The Watchmen return to old stomping grounds
THE Winnipeg football team’s forecast looks a little dicey, but here’s a battle at Canad Inns Stadium that’s sure to be tight: the Watchmen versus the Northern Pikes.
Book it: Winnipeg versus Saskatoon, a good old-fashioned prairie rock block. She Ain’t Pretty versus Stereo, and all the other hits they cranked out on Canadian radio in between. The concerts happen today during Bomber Fan Appreciation Day at the stadium, after a morning autograph session with the players.
“I’m fired up about the show,” Watchmen drummer Sammy Kohn says from his Toronto office, and dredges up a memory: he first saw the Pikes on a classic winter night in 1988. It was -40 C and an 18-year-old Kohn crammed into the old Le Rendezvous to watch the Regina band rock out.
A few years later, the Watchmen got invited to open up for the Northern Pikes in Eastern Canada. The band had yet to release its debut album, McLarenFurnaceRoom, so the touring gig was a big deal. They didn’t tour together again, Kohn says. “So for me personally, this is pretty exciting.”
Plus, it means bringing the whole gang back to Winnipeg, back to family and friends and the weathered old venues where they cut their teeth. The The Watchmen, Northern Pikes Canad Inns Stadium 12:45 p.m. today, free Watchmen are all in Toronto now, far from the frozen town where they first ripped out the riff to Run and Hide onstage at the Spectrum.
Now they’ve got 10 kids among them, and work schedules to balance: guitarist Joey Serlin composes music for film and TV, Newfoundland bassist Ken Tizzard — the only non-Winnipeg native in the band — plays in a solo project with his band, Bad Intent.
Kohn does real estate and works in sales for Toronto Life magazine. Frontman Danny Greaves now runs a Queen Street pub, Motel. A little birdy told the Free Press it’s the cosiest place in T.O. to catch a Winnipeg Jets game.
You see, while you can take the Watchmen out of Winnipeg, you can’t take the ’Peg out of anyone.
“Being a part of the Winnipeg scene in the 1990s is something we’re still very proud of,” Kohn says. “Out of almost anything we’ve done, the fact we made a little bit of a dent in terms of the musical map, we’re so proud of that.”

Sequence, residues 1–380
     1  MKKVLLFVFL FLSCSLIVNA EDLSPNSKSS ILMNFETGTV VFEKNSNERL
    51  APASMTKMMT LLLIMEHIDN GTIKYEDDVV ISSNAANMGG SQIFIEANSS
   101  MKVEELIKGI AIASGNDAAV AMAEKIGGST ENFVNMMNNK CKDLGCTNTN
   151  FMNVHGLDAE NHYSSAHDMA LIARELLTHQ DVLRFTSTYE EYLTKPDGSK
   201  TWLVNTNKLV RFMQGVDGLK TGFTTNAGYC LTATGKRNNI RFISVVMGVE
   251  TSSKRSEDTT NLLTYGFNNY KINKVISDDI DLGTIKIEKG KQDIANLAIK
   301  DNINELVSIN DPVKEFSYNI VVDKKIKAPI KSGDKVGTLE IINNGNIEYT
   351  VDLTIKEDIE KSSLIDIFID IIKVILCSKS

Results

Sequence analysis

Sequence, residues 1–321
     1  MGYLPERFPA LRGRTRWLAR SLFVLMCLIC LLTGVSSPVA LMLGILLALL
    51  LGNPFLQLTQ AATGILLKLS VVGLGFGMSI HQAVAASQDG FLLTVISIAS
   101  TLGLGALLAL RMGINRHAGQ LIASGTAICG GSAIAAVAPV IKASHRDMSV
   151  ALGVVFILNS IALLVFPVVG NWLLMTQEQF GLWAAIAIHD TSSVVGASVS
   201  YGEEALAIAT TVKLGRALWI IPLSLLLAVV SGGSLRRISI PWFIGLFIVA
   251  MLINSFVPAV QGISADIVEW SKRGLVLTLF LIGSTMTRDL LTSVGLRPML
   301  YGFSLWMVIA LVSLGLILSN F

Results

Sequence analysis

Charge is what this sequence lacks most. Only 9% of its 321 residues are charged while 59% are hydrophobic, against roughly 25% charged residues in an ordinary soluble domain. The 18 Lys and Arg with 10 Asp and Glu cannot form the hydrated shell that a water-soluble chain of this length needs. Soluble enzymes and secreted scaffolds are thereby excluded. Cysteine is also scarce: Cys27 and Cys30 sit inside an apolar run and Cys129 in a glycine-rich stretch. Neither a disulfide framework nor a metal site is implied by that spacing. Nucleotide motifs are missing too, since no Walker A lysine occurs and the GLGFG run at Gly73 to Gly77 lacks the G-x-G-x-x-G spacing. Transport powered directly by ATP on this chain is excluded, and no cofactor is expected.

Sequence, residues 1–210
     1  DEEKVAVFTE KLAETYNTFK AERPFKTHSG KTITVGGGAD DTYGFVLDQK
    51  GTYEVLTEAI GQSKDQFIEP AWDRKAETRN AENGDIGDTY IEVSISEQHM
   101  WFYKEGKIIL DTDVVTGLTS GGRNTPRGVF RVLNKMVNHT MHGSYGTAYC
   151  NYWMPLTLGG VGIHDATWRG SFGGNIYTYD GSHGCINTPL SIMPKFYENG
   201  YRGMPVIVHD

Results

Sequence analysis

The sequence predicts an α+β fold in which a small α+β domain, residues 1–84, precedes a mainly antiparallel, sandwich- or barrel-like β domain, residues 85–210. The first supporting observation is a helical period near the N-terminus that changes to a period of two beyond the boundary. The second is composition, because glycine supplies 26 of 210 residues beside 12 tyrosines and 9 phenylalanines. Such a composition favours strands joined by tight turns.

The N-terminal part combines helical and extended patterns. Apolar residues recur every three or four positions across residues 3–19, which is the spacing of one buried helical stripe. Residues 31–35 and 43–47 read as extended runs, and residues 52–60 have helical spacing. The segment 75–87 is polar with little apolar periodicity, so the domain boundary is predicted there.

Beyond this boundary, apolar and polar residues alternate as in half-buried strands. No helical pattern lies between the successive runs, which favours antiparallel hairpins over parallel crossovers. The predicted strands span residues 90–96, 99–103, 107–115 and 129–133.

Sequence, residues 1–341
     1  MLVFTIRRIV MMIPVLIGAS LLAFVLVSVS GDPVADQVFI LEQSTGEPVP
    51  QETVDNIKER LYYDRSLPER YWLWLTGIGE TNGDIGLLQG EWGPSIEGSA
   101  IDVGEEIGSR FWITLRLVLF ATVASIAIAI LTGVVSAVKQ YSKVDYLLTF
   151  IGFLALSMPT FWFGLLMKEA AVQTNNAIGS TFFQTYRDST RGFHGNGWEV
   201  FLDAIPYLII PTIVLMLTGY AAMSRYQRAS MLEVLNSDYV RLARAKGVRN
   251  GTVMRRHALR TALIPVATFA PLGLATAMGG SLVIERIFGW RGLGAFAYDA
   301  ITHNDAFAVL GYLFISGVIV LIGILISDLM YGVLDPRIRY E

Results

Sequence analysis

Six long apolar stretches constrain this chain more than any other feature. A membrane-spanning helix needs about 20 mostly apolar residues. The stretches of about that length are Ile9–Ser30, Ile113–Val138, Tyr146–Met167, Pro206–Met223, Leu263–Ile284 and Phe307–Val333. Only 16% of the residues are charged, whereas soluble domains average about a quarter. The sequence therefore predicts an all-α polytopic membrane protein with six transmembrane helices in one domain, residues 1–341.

They’re proud of this too: there’s new material a-comin’, as the Watch- men plan to put at least 10 tunes online in the coming months. Though Kohn pledges the Banjo Bowl pre-show will mostly be a whack of classic hits, the band’s been on a controlled roll since reuniting in 2008.
At the time, they weren’t sure if it would be forever; but as it turned out, making music when you’re not under the gun of a big-time label contract is a lot of fun. “When we did it full time, it was a life-or-death thing,” Kohn says, of the stresses that led to the band fizzling out almost a decade ago.
Now, they choose gigs selectively: the Banjo Bowl bonanza will be only their second show of the year. “The truth is, we’re playing the best shows we’ve ever played, because there is this urgency that… it could just go away at any time,” Kohn says. “And there’s still strength in those songs.”
Still strength enough that fans can sing every last lyric and line. Kohn remembers writing their breakout hit, All Uncovered, recording it and filming a video. That was 18 years ago. Kids born that year can vote now but whatever, it’s still a song for the grown-ups to sing along.
“The excitement of this thing is not lost on me one bit,” Kohn says. “The fact that we can still commit to playing some room in Toronto, Winnipeg or Calgary and have 500 people coming to hear us play, that’s remarkable.”